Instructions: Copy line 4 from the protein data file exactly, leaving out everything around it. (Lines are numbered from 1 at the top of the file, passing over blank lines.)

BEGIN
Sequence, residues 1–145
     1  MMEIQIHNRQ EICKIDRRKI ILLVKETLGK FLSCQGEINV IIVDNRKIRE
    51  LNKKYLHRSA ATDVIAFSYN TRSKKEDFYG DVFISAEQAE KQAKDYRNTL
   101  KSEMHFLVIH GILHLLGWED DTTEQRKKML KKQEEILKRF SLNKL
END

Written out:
   101  KSEMHFLVIH GILHLLGWED DTTEQRKKML KKQEEILKRF SLNKL